What is the current through, and voltage drop across, each resistor in the following circuit?
In this problem, you are asked to find current and voltage drop in an electric circuit. Any time that you are given an electric circuit and asked for properties associated with that circuit (current, resistance, voltage, charge, capacitance) you will work the problem in one of two ways.
If the circuit is straightforward and you can track the flow of current, the best approach is to use a basic understanding of circuits to work the problem. If, however, the circuit contains a Wheatstone Bridge or is, in general, too complicated to track the current, then you will need to use Kirchhoff’s Laws (note: this link will take you to different problem).
In this example, I will use a basic understanding of circuits to work the problem.
The first thing you need to do in a circuit problem is reduce the circuit to a single equivalent resistance (or capacitance.)
Hint: The most frequent mistakes made in these problems come about from skipping this step or doing too many things at once. If you carefully reduce the circuit and record your drawings along the way (I like to put each drawing in a column along the left side of my paper so that I can work my way back up), you may be able to take shortcuts in later steps. But don’t take shortcuts now!
It is handy for these problems to use colors to track sections of the circuit where current is the same. So before I begin to reduce the circuit, I use colored pencils or highlighters to trace the currents. A single color means that current is the same throughout that path.
For resistors in series,
R_{eq} = ∑_{i}
R_{i} = 2.0 Ω + 3.0 Ω = 5.0 Ω
For resistors in parallel,
1/R_{eq} = ∑_{i}
(1/R_{i})
= 1/(1.0 Ω) + 1/(1.0 Ω) + 1/(5.0 Ω) = 2.2 Ω^{-1}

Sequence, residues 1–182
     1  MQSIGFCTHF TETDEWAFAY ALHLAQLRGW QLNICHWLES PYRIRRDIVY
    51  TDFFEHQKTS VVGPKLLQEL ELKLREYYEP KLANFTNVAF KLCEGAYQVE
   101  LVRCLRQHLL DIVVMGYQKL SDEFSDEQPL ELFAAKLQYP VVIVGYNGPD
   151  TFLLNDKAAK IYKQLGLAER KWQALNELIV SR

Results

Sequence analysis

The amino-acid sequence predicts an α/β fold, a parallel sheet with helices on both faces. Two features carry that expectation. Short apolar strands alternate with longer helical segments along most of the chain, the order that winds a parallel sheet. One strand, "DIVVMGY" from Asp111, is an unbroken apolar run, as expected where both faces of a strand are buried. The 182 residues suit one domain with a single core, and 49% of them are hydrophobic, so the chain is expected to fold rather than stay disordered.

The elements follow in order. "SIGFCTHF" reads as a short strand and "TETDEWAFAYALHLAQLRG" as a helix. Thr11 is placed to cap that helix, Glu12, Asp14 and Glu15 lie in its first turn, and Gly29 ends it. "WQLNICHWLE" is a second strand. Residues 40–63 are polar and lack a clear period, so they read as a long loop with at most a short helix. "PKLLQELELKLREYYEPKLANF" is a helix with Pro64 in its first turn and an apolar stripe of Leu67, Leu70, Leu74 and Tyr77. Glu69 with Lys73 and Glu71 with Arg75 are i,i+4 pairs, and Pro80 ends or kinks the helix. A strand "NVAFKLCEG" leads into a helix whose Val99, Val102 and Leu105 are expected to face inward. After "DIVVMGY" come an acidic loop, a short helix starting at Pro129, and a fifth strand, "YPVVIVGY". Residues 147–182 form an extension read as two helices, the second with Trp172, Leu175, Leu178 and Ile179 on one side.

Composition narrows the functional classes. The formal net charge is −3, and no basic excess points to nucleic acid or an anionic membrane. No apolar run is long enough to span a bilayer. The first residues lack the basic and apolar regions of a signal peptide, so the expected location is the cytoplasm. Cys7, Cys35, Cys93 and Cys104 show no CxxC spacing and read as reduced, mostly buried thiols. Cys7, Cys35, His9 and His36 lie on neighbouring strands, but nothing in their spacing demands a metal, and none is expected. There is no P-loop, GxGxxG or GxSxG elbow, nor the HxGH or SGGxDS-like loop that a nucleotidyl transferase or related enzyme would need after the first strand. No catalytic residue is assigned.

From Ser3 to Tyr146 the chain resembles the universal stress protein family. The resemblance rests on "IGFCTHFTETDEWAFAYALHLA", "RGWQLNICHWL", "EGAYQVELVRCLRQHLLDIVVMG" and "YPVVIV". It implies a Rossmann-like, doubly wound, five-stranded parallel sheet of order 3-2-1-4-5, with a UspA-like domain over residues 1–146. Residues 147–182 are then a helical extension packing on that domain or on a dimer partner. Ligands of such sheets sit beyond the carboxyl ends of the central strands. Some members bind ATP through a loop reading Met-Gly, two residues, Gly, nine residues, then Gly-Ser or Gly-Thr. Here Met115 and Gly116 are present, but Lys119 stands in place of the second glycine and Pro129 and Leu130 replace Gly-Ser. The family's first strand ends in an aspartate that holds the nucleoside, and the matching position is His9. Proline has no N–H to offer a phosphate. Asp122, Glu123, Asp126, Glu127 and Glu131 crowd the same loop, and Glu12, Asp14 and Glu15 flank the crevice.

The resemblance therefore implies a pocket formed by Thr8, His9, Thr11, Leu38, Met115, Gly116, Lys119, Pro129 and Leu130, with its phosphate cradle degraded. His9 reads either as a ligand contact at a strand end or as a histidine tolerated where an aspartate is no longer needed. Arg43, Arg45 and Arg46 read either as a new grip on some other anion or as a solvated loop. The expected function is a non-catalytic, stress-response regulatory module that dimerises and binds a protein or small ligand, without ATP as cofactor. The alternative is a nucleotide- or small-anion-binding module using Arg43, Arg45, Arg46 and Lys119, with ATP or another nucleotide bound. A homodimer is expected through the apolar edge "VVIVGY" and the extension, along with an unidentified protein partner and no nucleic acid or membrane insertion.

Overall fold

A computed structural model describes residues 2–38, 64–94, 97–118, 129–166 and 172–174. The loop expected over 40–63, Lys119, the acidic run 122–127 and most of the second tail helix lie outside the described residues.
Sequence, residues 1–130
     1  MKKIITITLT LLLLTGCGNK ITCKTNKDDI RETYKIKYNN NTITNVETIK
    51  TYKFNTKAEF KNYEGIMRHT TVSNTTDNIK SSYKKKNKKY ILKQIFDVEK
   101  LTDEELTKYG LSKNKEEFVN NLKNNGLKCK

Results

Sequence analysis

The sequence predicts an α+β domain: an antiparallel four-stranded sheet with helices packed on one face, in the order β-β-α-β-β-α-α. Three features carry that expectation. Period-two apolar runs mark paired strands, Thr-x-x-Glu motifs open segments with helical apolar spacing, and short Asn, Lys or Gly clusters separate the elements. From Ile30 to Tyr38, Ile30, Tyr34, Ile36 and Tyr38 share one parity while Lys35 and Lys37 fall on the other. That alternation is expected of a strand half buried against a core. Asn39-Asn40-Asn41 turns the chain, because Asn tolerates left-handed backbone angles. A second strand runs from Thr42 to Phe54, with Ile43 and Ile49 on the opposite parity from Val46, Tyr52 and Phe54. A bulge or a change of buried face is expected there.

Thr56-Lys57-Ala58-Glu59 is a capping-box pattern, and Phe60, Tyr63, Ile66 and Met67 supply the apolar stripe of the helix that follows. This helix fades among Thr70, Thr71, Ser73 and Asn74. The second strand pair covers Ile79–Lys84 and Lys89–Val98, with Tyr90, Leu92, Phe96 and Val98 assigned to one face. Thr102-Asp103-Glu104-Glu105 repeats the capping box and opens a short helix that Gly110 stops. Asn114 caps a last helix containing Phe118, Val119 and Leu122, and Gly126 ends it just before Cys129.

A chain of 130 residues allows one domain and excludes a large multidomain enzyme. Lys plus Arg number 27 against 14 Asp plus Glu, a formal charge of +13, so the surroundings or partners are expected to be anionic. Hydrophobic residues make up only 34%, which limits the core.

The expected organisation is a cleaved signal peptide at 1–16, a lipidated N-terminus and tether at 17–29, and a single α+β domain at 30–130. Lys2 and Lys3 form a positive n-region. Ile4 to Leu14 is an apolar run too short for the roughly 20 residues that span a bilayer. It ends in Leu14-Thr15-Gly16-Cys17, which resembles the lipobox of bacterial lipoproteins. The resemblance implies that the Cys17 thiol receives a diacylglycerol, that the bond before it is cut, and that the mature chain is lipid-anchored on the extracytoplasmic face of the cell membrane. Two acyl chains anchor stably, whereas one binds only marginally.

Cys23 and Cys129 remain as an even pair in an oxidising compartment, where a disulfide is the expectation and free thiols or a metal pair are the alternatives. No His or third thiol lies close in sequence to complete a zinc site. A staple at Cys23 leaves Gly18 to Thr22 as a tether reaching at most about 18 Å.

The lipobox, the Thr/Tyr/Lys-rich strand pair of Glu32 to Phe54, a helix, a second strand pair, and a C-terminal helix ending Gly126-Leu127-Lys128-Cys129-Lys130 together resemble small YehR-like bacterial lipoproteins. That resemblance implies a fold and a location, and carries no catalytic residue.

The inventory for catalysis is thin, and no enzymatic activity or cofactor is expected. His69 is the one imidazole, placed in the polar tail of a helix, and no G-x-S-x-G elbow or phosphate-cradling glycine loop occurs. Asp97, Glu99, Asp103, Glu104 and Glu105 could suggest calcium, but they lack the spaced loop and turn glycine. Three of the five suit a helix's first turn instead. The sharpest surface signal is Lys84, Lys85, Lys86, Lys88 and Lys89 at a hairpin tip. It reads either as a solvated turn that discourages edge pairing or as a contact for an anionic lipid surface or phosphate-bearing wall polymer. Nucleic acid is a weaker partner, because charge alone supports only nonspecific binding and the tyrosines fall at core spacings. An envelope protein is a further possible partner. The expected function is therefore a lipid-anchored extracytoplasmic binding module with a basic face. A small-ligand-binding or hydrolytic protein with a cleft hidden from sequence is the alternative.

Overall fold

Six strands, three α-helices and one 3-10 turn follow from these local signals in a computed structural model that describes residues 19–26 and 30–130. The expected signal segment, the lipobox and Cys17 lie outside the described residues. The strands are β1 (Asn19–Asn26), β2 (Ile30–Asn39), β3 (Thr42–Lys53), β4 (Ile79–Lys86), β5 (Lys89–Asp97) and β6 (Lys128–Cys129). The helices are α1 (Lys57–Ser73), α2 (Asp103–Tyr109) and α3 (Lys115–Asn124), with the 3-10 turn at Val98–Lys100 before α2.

R_{eq} = 1/(2.2 Ω^{-1}) = 0.455 Ω.
There are two ideas (charge is conserved, energy is conserved) and three equations that help you understand circuits.
As applied to circuits,
Conservation of Charge gives: Current is the same through resistors in series.
Conservation of Energy gives: Voltage drop is the same across each leg of a parallel circuit.
The three equations are
1.) R_{eq} = ∑_{i} R_{i}
2.) 1/R_{eq} = ∑_{i} (1/R_{i})
3.) ΔV = IR
You already used Conservation of Charge and the first two equations as you drew the pictures. To solve the problem, you will use Conservation of Energy, Conservation of Charge, and the third equation.
Note: In this example, I use color in branches of the circuit, calculations, and descriptions. Note that all elements in a given color relate to each other.
1.74 A of current come through the battery. The current everywhere that is color-coded green and bolded is also 1.74 A (there are no junctions in the green portion of the circuit.)
We now know the current and voltage drop across the 1.0 and 2.0 Ω resistors in the series portion of the circuit, so those resistors require no further calculation.
Check: 1.7 V + 3.5 V + 0.79 V = 6.0 V. The voltage gain across the battery is balanced by conversions across the resistors.
Check: 0.79 A + 0.79 A + 0.16 A = 1.74 A. Current is conserved in and out of the junction.
Check: 0.32 V + 0.47 V = 0.79 V = drop across parallel branch
In exactly the same way! The relation ΔV = IR that you use for resistors is replaced with ΔV = Q/C, and capacitors in parallel add according to C_{eq} = ∑_{i}C_{i}, while capacitors in series add according to 1/C_{eq} = ∑_{i}(1/C_{i}). The approach that you use, however, is identical.
Although Kirchhoff’s Laws will work in any circuit, they have two disadvantages.
First, they require a lot of linked algebraic equations. (In this problem you would need to jointly solve four equations in four unknowns, and this one is pretty direct.)
Second, you do not need to know or learn anything at all about the physics of circuits to use Kirchhoff’s Laws. So working circuits that way will strengthen your algebraic skills, but will not help you with conceptual questions about circuits. If you use the basic ideas behind circuits on practice problems, you will find that you can answer many mathematical and conceptual questions without having to fully go through all mathematical steps.